Prosecutors say there was no viable alternative.
"If we prosecute Pfizer, they get excluded," said Mike Loucks, the federal prosecutor who oversaw the investigation. "A lot of the people who work for the company who haven't engaged in criminal activity would get hurt."
Did the punishment fit the crime? Pfizer says yes.
It paid nearly $1.2 billion in a criminal fine for Bextra, the largest fine the federal government has ever collected.
It paid a billion dollars more to settle a batch of civil suits -- although it denied wrongdoing -- on allegations that it illegally promoted 12 other drugs.
In all, Pfizer lost the equivalent of three months' profit.
It maintained its ability to do business with the federal government.
Pfizer says it takes responsibility for the illegal promotion of Bextra. "I can tell you, unequivocally, that Pfizer perceived the Bextra matter as an incredibly serious one," said Doug Lankler, Pfizer's chief compliance officer.
To prevent it from happening again, Pfizer has set up what it calls "leading-edge" systems to spot signs of illegal promotion by closely monitoring sales reps and tracking prescription sales.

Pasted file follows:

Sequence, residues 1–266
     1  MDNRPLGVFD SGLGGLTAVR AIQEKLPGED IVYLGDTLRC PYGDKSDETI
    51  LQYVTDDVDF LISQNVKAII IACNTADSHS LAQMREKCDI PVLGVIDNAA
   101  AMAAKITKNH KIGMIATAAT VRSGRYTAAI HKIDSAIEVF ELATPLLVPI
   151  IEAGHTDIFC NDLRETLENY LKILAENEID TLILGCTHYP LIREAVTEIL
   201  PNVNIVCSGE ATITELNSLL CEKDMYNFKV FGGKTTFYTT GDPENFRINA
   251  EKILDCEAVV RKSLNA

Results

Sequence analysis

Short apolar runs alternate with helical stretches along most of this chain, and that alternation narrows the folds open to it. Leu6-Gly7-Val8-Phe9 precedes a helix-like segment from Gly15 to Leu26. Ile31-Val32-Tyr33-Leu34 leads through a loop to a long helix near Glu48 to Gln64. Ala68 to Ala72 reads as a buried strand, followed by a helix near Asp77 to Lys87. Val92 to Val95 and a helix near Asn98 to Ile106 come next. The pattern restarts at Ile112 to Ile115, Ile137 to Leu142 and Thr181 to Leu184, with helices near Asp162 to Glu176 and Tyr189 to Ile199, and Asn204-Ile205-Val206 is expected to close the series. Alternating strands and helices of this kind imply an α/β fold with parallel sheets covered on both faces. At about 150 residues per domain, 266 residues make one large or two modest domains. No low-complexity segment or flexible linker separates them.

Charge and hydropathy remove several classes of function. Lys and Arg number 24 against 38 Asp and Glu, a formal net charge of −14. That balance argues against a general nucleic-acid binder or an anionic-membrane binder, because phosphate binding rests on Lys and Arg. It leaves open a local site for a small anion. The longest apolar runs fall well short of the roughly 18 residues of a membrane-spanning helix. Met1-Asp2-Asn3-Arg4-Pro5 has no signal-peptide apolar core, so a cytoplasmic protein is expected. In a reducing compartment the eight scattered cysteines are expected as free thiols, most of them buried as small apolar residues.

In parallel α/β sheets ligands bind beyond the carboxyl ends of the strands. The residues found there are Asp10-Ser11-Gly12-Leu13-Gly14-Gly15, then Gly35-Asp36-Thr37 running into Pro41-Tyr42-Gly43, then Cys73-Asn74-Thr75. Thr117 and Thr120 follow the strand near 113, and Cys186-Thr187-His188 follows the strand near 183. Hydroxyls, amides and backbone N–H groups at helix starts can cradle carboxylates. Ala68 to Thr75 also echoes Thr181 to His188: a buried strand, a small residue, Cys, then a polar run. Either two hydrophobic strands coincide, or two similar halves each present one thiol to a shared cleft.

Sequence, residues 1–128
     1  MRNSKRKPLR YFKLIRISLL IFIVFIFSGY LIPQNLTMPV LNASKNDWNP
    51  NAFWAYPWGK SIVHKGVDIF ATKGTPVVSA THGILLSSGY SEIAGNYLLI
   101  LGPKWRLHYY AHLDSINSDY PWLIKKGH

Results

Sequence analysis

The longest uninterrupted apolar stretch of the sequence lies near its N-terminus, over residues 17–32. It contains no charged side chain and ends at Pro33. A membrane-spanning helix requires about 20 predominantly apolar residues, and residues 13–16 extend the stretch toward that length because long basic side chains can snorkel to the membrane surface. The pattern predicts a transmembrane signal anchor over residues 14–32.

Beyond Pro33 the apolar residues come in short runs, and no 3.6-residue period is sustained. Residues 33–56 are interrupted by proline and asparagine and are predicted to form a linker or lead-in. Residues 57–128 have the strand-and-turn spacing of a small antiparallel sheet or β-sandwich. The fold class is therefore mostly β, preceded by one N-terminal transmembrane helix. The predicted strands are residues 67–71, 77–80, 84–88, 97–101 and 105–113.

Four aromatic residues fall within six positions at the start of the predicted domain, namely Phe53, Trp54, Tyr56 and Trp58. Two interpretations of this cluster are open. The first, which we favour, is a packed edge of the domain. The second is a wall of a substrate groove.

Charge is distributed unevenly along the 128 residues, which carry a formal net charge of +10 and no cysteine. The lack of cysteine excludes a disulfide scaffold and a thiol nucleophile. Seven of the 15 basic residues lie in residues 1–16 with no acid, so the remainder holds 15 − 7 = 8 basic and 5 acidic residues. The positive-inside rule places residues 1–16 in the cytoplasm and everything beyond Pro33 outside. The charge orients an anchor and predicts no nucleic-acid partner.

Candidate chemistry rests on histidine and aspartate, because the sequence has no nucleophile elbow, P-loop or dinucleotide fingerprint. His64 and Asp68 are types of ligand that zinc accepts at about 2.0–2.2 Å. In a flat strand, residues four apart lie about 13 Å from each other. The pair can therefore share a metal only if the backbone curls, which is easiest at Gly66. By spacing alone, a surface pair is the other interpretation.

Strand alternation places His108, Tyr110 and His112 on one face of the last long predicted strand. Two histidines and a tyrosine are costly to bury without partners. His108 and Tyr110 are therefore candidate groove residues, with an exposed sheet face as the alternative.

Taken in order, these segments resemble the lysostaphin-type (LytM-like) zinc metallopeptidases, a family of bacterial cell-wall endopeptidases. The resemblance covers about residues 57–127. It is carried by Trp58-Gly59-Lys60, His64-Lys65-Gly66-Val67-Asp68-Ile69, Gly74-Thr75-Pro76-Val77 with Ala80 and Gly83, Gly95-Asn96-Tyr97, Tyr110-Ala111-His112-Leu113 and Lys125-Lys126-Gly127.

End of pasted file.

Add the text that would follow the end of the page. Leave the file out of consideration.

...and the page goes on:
It's not entirely voluntary. Pfizer had to sign a corporate integrity agreement with the Department of Health and Human Services. For the next five years, it requires Pfizer to disclose future payments to doctors and top executives to sign off personally that the company is obeying the law.
Pfizer says the company has learned its lesson.
But after years of overseeing similar cases against other major drug companies, even Loucks, isn't sure $2 billion in penalties is a deterrent when the profits from illegal promotion can be so large.
"I worry that the money is so great," he said, that dealing with the Department of Justice may be "just of a cost of doing business."